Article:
European Shares Seen Lower Amid US-China Tensions

Business

European stocks are seen opening lower on Tuesday after the Trump Administration rejected China’s expansive claims in the South China Sea, a move that Beijing criticized as inciting tensions in the region.

Meanwhile, Chinese officials have threatened consequences if the U.K. government confirms ban on Huawei’s connections to Britain’s 5G network amid growing unease over security risks.

Growth worries persist as Covid-19 cases continue to spike in the U.S. and some other parts of the world.

Hong Kong reimposed social distancing measures to combat a sudden spike in coronavirus infections and Singapore’s economy plunged into a recession last quarter, fueling worries about the economic recovery.

Singapore’s economy contracted by a record 41.2 percent from the previous three months and 12.6 percent year-on-year in the April-June quarter. It was the worst quarterly figure for gross domestic product ever recorded in the country.

Tedros Adhanom Ghebreyesus, the director of the World Health Organization, warned that the pandemic is worsening globally and that “there will be no return to the old normal for the foreseeable future.”

His remarks came as Florida shattered the national record for a state’s largest single-day increase in new confirmed cases.

Apple has told its employees in the United States that it does not anticipate a full return to physical offices before the end of the year.

Asian markets fell on growth worries, with Hong Kong stocks faring worst. Investors ignored data showing that China’s exports and imports rose in yuan terms in June. The country reports gross domestic product data on Thursday.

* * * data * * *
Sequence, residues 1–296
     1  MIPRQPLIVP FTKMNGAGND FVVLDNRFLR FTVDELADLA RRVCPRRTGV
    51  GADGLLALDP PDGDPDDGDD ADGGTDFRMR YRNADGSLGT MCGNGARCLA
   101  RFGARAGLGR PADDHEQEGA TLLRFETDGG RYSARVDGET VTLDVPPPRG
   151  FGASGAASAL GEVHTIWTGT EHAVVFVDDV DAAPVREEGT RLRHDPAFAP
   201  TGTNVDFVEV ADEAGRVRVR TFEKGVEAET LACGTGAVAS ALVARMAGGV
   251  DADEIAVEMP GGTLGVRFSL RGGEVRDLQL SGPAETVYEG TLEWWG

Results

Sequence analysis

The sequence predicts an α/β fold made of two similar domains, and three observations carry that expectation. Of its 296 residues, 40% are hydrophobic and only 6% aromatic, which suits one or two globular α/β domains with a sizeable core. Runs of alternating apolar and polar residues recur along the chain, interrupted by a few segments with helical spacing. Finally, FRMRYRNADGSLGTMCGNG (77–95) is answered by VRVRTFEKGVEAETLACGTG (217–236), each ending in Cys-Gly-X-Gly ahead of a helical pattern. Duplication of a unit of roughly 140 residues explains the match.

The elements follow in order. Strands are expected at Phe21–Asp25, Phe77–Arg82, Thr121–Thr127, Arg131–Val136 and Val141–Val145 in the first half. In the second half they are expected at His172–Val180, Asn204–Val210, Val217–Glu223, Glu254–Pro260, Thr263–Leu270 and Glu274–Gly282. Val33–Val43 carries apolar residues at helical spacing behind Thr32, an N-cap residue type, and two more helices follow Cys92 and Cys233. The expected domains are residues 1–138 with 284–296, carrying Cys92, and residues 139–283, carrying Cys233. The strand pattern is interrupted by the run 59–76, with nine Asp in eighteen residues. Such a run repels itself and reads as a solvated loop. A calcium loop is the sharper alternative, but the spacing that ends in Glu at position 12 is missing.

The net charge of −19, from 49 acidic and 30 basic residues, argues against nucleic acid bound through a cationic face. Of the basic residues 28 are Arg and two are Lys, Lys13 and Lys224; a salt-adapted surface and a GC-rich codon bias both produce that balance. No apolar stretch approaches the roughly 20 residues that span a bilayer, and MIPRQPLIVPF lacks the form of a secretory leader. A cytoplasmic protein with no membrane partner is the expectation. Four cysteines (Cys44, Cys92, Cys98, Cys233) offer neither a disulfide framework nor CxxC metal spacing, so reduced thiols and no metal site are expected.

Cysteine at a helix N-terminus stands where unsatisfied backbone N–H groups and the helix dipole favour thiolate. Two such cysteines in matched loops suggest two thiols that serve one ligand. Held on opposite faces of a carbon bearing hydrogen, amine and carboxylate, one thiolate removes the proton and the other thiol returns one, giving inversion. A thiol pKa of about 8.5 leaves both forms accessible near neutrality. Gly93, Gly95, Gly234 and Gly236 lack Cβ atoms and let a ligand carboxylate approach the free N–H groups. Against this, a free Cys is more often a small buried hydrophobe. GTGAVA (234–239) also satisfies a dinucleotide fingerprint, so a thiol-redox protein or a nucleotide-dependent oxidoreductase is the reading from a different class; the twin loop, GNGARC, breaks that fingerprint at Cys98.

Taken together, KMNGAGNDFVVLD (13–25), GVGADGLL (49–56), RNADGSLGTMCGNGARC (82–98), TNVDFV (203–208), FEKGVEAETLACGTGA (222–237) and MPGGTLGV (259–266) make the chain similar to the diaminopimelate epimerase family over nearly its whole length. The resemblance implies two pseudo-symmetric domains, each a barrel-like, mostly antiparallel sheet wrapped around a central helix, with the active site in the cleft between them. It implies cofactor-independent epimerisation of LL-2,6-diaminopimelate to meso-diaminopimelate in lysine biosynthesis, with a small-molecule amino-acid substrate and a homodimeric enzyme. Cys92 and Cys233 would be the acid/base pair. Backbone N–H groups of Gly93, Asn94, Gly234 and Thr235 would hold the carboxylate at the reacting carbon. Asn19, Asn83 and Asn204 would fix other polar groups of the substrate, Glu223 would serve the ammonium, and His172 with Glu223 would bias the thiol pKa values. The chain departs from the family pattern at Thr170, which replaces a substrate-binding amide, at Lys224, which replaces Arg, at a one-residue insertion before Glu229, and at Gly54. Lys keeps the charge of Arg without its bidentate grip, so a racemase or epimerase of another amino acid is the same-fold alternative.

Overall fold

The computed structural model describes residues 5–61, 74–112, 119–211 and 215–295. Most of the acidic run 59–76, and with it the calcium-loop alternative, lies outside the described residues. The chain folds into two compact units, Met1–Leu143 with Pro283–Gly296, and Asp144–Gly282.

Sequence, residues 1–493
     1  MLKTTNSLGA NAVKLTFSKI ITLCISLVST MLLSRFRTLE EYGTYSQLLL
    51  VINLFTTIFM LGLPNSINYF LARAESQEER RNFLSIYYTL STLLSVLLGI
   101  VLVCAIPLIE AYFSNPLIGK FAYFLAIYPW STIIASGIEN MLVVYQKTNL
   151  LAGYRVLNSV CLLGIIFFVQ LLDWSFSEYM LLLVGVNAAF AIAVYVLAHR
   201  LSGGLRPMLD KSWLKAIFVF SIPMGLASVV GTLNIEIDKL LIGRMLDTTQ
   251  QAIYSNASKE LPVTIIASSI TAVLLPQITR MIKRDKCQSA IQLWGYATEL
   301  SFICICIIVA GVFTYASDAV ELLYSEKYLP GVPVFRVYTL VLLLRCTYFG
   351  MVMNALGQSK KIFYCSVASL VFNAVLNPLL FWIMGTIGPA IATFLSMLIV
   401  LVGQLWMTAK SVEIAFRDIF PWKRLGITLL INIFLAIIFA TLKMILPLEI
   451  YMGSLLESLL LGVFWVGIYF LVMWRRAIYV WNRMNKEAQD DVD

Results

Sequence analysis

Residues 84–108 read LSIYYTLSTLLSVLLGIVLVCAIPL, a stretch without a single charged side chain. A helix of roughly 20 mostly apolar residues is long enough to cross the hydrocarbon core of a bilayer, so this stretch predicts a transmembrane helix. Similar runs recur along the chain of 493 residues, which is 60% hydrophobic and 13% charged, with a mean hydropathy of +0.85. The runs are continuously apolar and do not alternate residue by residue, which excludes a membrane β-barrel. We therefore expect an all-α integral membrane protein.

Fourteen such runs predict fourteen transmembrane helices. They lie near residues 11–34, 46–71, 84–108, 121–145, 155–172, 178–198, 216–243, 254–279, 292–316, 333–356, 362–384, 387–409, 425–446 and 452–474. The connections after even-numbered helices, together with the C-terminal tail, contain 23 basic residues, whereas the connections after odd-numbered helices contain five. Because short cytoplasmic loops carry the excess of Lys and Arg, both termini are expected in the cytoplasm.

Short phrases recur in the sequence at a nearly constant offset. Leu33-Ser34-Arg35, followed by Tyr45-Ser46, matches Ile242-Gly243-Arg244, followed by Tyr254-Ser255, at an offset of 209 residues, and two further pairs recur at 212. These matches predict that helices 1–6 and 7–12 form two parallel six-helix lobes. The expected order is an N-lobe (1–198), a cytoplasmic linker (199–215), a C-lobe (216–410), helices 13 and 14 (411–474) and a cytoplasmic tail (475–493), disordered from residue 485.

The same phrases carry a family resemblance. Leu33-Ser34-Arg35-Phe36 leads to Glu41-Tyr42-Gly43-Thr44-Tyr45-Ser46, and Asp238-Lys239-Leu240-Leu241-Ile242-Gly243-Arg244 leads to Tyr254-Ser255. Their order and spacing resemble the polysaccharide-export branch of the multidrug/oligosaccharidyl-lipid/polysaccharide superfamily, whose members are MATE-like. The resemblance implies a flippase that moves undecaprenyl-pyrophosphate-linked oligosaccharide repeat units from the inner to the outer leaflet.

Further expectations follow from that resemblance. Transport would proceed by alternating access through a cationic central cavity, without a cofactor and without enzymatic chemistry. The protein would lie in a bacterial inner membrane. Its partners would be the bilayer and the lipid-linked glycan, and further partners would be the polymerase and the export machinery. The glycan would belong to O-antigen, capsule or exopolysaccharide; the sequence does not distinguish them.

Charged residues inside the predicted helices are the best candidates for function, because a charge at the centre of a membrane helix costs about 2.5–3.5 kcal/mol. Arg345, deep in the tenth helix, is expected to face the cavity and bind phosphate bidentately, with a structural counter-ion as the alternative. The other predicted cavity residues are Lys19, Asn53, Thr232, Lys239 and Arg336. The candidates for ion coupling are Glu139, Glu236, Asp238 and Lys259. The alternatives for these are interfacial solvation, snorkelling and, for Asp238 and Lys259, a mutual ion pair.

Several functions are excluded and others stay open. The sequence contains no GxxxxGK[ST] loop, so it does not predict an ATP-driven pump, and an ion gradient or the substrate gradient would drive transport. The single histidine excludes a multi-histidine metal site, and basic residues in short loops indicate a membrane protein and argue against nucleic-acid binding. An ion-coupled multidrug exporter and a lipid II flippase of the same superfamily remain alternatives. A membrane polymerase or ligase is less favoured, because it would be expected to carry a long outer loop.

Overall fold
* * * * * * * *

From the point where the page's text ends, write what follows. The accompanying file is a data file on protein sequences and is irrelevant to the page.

Monthly GDP estimate as well as foreign trade and industrial and services output figures are due from the U.K., headlining a busy day for the European economic news.

Across the Atlantic, earnings news may drive trading, with Citigroup, Delta Air Lines, JPMorgan Chase and Wells Fargo among the companies due to report their quarterly results before the start of trading.

Gold eased on a firmer dollar, while oil prices dropped for a second day on expectations that OPEC+ will start winding down production cuts next month.

U.S. stocks ended a choppy session mostly lower overnight after California rolled back its reopening plans and investors grappled with rising tensions between Washington and Beijing.

The tech-heavy Nasdaq Composite reached a fresh record intraday high before reversing direction to end down as much as 2.1 percent.

The S&P 500 declined 0.9 percent while the Dow Jones Industrial Average finished little changed with a positive bias.

European markets advanced on Monday as investors reacted positively to more upbeat news regarding potential coronavirus vaccines.

The pan European Stoxx 600 gained 1 percent. The German DAX and the U.K.’s FTSE 100 both climbed around 1.3 percent, while France’s CAC 40 index rallied 1.7 percent.

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